“Given the extensive and complex needs of our aging population, proven interventions like these are essential to delivering better care, smarter spending, and healthier people,” said Ms. Eldridge. Later this year, the National Well Home Network will incorporate as a separate legal entity led by Ms. Eldridge. The establishment of the National Well Home Network is the culmination of an 18-month planning effort, informed by partners at LeadingAge, Cathedral Square Corporation, and other key stakeholders in the field of housing-based service models. Prior to joining NCHH, Ms. Eldridge founded the acclaimed Support and Services at Home (SASH) initiative at Cathedral Square Corporation in Burlington, Vermont.
Ms. Eldridge and Ms. Reddy worked closely together throughout the planning period. “I am truly honored and humbled to be selected by the board to succeed Nancy,” said Ms. Reddy. “Nancy has offered valued support and mentoring to me. The Well Home Network fills a critical need for older adults, and NCHH has shown that it is once again at the forefront of positive change by serving as an incubator for this concept.”
Prior to joining NCHH, Ms. Reddy was a research scientist with the New York State Department of Health, where she contributed to the success of many programs including Asthma Control, Healthy Homes and Lead Poisoning Prevention, Healthy Neighborhoods, and Healthy Home Environments for New Yorkers with Asthma. Ms. Reddy earned a master’s degree in environmental health from the London School of Hygiene and Tropical Medicine and holds a bachelor’s degree in neuroscience and behavior from Mount Holyoke College.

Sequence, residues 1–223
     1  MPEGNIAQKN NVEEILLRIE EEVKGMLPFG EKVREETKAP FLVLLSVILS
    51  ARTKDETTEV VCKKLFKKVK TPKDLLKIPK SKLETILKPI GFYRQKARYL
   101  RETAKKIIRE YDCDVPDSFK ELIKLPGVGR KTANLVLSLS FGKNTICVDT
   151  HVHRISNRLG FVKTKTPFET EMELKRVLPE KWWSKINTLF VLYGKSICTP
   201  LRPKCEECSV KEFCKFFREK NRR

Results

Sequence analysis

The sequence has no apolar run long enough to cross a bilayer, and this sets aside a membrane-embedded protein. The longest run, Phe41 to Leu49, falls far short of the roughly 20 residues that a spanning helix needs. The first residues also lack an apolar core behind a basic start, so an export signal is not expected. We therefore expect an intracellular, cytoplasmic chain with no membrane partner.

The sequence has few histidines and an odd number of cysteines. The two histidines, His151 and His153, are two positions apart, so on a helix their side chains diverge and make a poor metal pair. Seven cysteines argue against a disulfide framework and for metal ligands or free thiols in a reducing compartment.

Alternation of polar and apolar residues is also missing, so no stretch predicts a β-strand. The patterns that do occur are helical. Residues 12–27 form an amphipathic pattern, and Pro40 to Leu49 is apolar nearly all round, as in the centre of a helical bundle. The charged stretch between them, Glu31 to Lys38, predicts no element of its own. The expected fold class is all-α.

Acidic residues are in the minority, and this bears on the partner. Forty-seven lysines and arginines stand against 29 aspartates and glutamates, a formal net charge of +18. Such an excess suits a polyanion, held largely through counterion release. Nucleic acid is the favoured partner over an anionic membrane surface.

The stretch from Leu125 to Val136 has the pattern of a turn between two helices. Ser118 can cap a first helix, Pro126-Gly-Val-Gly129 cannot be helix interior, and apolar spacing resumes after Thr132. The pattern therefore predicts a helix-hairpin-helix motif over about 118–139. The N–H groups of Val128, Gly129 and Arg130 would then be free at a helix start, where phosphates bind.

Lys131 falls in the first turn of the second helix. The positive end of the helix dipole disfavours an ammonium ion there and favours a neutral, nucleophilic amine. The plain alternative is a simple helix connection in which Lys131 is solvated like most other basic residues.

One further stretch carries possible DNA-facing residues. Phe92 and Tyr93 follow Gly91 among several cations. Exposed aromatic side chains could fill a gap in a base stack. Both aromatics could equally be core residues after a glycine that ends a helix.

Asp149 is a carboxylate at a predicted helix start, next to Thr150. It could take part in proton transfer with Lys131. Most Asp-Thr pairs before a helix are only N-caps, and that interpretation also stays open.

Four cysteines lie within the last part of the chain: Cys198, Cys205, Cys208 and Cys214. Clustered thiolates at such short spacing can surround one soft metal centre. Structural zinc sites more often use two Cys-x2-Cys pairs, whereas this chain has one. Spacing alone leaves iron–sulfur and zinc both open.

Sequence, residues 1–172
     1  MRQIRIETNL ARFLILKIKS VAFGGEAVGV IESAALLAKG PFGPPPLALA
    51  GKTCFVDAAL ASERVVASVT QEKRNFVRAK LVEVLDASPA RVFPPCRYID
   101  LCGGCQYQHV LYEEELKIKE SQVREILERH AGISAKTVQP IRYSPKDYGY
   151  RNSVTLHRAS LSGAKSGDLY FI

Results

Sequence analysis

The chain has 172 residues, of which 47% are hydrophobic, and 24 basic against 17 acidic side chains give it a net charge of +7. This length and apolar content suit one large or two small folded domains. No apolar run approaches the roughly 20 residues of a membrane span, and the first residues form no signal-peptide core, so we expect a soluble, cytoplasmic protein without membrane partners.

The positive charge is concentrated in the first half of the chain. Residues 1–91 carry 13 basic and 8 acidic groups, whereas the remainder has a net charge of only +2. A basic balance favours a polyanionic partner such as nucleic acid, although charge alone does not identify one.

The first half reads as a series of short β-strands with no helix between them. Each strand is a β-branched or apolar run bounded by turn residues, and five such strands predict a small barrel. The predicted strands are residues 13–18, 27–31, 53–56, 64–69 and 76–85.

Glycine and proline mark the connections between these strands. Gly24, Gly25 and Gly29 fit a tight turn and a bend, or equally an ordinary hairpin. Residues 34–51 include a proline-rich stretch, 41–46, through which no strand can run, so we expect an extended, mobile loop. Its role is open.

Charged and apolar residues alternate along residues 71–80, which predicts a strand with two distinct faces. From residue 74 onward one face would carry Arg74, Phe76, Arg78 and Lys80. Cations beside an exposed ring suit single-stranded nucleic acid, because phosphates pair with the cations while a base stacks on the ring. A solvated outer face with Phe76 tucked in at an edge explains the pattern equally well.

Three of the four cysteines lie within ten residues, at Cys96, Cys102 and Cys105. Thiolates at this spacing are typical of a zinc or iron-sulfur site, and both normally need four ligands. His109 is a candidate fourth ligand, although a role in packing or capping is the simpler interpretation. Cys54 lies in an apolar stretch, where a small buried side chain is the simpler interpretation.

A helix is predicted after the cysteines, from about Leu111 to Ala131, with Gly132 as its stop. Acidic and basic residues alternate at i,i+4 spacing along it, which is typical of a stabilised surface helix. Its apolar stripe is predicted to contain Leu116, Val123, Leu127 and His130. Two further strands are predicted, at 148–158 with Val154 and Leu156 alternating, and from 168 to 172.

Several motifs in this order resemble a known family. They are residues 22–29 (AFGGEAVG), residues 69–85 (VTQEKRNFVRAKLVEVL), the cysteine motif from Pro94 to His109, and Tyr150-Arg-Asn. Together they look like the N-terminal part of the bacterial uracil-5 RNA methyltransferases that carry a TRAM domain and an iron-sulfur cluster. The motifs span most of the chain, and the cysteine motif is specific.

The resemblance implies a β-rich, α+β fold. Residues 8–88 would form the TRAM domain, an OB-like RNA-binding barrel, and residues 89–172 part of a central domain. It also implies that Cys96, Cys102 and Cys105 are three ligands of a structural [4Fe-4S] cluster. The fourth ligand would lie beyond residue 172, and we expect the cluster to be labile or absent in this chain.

Ms. Reddy is enthusiastic about the future of healthy housing and NCHH’s role in advancing it: “I am committed to working with our board and our talented staff to continue to take advantage of the enormous opportunities in front of us and to deliver on the premise that NCHH was founded on—that better housing can be a powerful platform for better health.”
About the National Center for Healthy Housing
Originally founded as the National Center for Lead-Safe Housing in 1992, the National Center for Healthy Housing (NCHH) is the preeminent national nonprofit dedicated to securing healthy homes for all. Since 1992, NCHH has successfully integrated healthy housing advocacy, research, and capacity-building under one roof to reduce health disparities nationwide. You can follow NCHH on Twitter (@nchh) or LinkedIn, or become a fan on Facebook at Facebook.com/HealthyHousing.
About the National Well Home Network
Founded in 2017, the National Well Home Network‘s mission is to foster housing-based service models (HBSMs) across the country. With a network of HBSMs in every state, it’s possible to create one integrated system of supports for seniors and individuals with a disability. HBSMs are defined by eight key components; developing housing-based service models requires partnerships at all levels with funders, national organizations, and local community-based organizations. The evidence is compelling and growing.